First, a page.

Bacground: RIKEN has been one of the leading research institutes for wide range of natural sciences in Japan. RIKEN’s Brain Science Institute (BSI) celebrated its 10th anniversary at 2007 and carried out series of outreach activities. The purpose of the events was to enhance the presence of BSI for several stakeholders. Design of Events: We designed four types of events each targeting the different kinds of audiences. We expected such "segmented-market-oriented-communication" would be much more effective than non specialized general communication. These events are as follows----1) Series Talk: Five sessions of talk among neuroscientists and specialists from other fields, e.g., religious study, school teachers, Noh actor, Shogi player, musicians, architect. 2) Academic symposium targeted peer scientists and administrators. Panelists including two Nobel laureates and the President of Science Council of Japan. 3) General competition of paintings and essays by children, of which theme was the future of neuroscience. 4) Agora of Brain Science: Mixed presentations for general public laypersons including relay-talk by neuroscientists, poster presentations of 35 labs and projects from BSI.

Results: Generally speaking, all events got strong success. The number of audiences for each “Series Talk” was more than full, and about 80% of them were satisfied with the contents. The Academic Symposium gathered 450 people and many were strongly impressed with BSI’s high presence in academia. For the Competitions for Children 500 of paintings and essays were applied from elementary and middle school pupils. The Agora also gathered more than 2,000 people in total. Discussion: Our events were mainly limited within one-way outreach activities, and did not succeed in opening the fully both-way communication channel between scientists and the public. We need more strong and wide-ranged perspectives for designing the relation between BSI and the public. This is just the beginning of public communication of the BSI. Presentation Preference Poster presentation

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Public Communication of Science and Technology

 

The outreach activities for the 10th anniversary of Brain Research Institute (BSI), RIKEN
A case report of public communication of neuroscience in Japan

Osamu Sakura   University of Tokyo

Hideaki Sena   Tohoku University

Yuji Ikegaya   University of Tokyo

Taichi Isobe   University of Tokyo

Bacground: RIKEN has been one of the leading research institutes for wide range of natural sciences in Japan. RIKEN’s Brain Science Institute (BSI) celebrated its 10th anniversary at 2007 and carried out series of outreach activities. The purpose of the events was to enhance the presence of BSI for several stakeholders. Design of Events: We designed four types of events each targeting the different kinds of audiences. We expected such "segmented-market-oriented-communication" would be much more effective than non specialized general communication. These events are as follows----1) Series Talk: Five sessions of talk among neuroscientists and specialists from other fields, e.g., religious study, school teachers, Noh actor, Shogi player, musicians, architect. 2) Academic symposium targeted peer scientists and administrators. Panelists including two Nobel laureates and the President of Science Council of Japan. 3) General competition of paintings and essays by children, of which theme was the future of neuroscience. 4) Agora of Brain Science: Mixed presentations for general public laypersons including relay-talk by neuroscientists, poster presentations of 35 labs and projects from BSI.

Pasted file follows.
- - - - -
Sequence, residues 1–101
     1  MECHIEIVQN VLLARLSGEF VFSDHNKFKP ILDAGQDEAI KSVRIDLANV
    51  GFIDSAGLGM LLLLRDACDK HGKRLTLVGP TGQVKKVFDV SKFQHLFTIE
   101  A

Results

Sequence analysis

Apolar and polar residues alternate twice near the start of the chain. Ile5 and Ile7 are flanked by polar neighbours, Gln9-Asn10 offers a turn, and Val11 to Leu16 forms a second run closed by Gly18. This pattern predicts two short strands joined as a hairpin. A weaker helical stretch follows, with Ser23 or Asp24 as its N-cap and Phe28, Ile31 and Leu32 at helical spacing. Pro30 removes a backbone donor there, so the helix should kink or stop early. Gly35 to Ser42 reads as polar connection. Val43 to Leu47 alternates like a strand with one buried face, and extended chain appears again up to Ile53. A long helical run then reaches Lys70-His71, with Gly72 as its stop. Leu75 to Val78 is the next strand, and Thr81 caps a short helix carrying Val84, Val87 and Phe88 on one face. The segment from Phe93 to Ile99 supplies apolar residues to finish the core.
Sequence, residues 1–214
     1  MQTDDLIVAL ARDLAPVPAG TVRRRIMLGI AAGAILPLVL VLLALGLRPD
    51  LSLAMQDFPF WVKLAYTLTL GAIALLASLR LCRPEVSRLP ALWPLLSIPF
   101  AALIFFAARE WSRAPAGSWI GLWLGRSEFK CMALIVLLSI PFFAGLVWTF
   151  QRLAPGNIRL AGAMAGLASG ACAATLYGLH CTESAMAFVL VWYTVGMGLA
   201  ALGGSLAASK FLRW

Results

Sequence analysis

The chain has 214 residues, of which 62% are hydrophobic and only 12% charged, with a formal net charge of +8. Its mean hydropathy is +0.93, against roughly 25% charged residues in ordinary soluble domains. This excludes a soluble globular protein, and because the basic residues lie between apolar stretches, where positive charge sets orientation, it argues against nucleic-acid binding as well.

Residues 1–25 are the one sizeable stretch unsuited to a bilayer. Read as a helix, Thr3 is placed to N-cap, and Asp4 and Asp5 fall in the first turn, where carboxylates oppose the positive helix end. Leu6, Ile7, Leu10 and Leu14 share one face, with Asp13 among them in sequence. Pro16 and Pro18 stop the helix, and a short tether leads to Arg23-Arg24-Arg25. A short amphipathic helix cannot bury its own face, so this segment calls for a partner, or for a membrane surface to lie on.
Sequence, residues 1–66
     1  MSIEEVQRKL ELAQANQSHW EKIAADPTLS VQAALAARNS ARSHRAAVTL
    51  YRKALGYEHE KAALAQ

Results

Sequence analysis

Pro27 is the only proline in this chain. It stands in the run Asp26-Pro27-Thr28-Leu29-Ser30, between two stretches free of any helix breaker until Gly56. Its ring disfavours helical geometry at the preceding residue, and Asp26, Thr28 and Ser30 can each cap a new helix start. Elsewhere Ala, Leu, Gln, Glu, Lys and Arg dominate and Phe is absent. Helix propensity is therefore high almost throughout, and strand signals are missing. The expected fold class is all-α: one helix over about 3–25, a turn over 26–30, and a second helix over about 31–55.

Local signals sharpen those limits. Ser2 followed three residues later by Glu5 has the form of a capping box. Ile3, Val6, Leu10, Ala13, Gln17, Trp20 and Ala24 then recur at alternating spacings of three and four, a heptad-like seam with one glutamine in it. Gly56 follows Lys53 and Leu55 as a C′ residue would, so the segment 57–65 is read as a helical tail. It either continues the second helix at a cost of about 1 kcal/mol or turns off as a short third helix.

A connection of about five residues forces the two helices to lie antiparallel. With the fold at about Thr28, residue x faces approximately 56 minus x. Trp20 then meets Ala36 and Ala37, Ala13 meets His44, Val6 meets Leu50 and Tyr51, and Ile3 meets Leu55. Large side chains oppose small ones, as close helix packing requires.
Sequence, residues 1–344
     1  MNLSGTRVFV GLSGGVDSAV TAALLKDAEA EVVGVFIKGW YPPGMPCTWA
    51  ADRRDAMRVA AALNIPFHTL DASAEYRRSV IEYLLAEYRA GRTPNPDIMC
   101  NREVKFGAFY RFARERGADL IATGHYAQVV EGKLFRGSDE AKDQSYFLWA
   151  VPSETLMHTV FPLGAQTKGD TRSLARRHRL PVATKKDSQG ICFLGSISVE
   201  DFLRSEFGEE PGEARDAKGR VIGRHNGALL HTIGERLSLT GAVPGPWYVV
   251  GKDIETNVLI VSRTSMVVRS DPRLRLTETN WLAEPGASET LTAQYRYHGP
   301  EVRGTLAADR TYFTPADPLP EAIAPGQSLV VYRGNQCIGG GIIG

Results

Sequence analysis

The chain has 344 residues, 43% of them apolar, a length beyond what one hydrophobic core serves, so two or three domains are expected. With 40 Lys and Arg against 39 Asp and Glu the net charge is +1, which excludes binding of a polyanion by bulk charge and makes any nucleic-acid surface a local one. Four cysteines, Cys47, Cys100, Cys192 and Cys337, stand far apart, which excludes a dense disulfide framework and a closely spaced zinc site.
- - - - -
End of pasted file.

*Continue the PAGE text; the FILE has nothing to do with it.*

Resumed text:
Results: Generally speaking, all events got strong success. The number of audiences for each “Series Talk” was more than full, and about 80% of them were satisfied with the contents. The Academic Symposium gathered 450 people and many were strongly impressed with BSI’s high presence in academia. For the Competitions for Children 500 of paintings and essays were applied from elementary and middle school pupils. The Agora also gathered more than 2,000 people in total. Discussion: Our events were mainly limited within one-way outreach activities, and did not succeed in opening the fully both-way communication channel between scientists and the public. We need more strong and wide-ranged perspectives for designing the relation between BSI and the public. This is just the beginning of public communication of the BSI. Presentation Preference Poster presentation

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